Domestic Supporters and Opponents

The schism between supporters and opponents largely represented the division between the two political parties at the time: Democrative-Republicans and Federalists. These two rival political parties were the first adversary parties since the nations founding. Federalists emerged under Alexander Hamilton with preference to a manufacturing and foreign trade based economy, with Republicans preferring an agrarian economy with limited involvement with outsiders.[1]  Former President Thomas Jefferson (under whom the Embargo Act of 1807 was passed) and President James Madison who was then calling for war, were both Republicans.


Expansion into Canada was how some Americans saw their country’s legitimacy being defined. War Hawks were large proponents of expansionism at this time, feeling that British actions were threats to free trade and just plain disrespectful. War Hawk Henry Clay was elected Speaker of the House and determined to defend America’s reputation and interests by pushing Spain out of Florida and England out of Canada.[2] The South and West hence supported the war, as they wanted more land for their farming and plantations. Newer western states like Kentucky, Tennessee, anf Ohio favored war to “eliminate Indian threat.”[3]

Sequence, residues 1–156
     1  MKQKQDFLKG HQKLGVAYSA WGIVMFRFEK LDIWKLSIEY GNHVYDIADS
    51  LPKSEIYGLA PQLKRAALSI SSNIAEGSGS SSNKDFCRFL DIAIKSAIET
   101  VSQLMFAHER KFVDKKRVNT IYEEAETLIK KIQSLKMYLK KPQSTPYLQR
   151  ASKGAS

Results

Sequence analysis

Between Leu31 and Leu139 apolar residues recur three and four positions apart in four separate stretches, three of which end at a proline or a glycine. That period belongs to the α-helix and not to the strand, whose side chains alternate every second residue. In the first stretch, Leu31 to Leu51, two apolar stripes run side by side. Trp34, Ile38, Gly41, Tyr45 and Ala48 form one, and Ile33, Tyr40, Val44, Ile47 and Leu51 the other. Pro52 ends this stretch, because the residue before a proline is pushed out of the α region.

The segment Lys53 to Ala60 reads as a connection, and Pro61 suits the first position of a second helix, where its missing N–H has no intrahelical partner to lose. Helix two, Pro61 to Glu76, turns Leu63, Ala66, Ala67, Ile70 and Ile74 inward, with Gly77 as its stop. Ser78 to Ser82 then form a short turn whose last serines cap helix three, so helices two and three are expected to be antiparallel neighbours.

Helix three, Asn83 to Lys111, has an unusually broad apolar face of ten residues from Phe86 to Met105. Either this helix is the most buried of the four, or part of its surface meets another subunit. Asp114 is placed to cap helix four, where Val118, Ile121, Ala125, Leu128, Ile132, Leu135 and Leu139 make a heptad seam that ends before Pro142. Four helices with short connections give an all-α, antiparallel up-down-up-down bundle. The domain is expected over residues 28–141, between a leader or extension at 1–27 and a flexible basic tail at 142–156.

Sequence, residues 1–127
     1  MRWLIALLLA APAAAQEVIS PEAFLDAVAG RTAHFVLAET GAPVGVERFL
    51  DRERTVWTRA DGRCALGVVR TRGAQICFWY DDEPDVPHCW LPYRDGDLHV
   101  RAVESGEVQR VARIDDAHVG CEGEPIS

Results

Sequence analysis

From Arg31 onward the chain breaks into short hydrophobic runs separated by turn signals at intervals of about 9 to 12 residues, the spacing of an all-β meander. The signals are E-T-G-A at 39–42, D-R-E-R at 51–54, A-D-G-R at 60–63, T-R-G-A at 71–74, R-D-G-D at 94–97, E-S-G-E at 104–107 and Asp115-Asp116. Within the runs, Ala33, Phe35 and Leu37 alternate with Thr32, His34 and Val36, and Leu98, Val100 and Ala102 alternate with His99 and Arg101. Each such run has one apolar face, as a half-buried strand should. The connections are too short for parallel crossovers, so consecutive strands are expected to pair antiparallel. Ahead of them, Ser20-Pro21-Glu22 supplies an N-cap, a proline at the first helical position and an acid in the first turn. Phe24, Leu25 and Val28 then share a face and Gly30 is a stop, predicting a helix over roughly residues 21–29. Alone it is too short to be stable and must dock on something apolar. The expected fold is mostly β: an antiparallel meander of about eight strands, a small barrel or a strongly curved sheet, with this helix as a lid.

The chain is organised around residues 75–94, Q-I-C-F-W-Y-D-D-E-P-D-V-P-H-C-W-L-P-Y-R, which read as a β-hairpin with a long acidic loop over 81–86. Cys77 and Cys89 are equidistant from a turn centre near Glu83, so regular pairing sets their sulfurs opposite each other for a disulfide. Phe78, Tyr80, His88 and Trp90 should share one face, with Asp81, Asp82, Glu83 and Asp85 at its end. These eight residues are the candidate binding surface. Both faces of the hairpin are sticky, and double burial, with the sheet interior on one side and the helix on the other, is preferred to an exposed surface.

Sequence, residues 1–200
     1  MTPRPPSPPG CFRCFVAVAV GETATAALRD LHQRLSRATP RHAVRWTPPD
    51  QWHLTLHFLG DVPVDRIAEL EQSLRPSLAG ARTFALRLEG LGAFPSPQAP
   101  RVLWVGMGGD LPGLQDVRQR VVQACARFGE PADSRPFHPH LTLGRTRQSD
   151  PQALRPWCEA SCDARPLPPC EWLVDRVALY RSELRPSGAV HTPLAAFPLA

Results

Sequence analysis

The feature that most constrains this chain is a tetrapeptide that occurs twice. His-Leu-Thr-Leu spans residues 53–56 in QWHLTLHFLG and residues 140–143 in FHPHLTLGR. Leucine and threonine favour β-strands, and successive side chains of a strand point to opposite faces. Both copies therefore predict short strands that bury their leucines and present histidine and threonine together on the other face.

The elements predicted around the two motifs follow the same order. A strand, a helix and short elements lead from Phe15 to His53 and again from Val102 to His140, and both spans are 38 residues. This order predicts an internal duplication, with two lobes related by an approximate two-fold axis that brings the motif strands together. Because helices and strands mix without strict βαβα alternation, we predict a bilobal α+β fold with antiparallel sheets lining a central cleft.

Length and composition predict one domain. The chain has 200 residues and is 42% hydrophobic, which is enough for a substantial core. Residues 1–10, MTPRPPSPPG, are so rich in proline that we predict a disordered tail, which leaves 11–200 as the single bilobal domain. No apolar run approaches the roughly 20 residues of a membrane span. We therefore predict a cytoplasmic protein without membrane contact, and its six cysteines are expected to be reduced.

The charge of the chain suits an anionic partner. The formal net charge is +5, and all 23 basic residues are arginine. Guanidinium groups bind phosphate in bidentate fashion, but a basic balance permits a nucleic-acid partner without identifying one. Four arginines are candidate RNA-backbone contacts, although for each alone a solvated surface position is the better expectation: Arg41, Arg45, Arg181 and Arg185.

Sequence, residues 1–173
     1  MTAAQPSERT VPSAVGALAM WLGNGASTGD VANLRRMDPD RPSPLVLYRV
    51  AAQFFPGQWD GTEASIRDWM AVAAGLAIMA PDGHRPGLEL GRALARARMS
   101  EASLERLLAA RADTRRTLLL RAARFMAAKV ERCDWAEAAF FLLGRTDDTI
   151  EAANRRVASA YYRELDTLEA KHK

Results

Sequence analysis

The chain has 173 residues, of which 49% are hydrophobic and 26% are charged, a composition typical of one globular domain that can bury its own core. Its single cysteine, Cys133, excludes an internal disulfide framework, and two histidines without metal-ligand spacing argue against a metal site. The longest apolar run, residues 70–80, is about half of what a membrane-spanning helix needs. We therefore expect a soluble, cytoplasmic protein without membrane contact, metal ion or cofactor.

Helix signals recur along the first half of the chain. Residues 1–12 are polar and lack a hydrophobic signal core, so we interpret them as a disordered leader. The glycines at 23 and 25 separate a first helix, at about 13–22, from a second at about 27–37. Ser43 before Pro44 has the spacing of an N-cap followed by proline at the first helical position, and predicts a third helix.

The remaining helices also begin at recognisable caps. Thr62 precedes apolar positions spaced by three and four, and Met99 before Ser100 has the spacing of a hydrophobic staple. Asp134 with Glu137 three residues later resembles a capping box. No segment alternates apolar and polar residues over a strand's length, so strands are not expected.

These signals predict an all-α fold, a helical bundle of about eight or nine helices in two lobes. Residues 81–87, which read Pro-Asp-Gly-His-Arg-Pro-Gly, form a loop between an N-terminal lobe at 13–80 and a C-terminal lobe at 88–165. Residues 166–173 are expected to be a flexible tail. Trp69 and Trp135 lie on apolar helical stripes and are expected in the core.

Though there were supporters of the war, the War of 1812 had great opposition as well. It had the smallest margin of support for declaration of war ever with a vote of 78 to 49 in the House and 19 to 13 in the Senate.[4] New England was strongly opposed because though the issues of impressment were directly affecting this part of the nation, they feared that war would put an even greater risk on the already threatened trade. Many were turned off by the lousy presidential decisions of the past like the Embargo and Non-Intercourse Acts that left the trade economy hurting.

Federalists who mainly populated the North all voted against the war, and their opposition continued even after war was declared. The Baltimore riots were significant in showing political tensions. Early in 1812 in Baltimore, violence was turned toward the offices of an anti-war Federalist newspaper the Federal Republican and a torture of the editors later followed when they tried to return (one death resulted).[5] This continued opposition would eventually lead to the end of the Federalist Party after the war.

[1] Glenn S. Gordinier, The Rockets’ Red Glare, 19.

[2] David Harrell, Unto a Good Land, 261.

[3] Glenn S. Gordinier, The Rockets’ Red Glare, 69.

[4] "

[5] Alan Taylor, The Civil War of 1812, 178.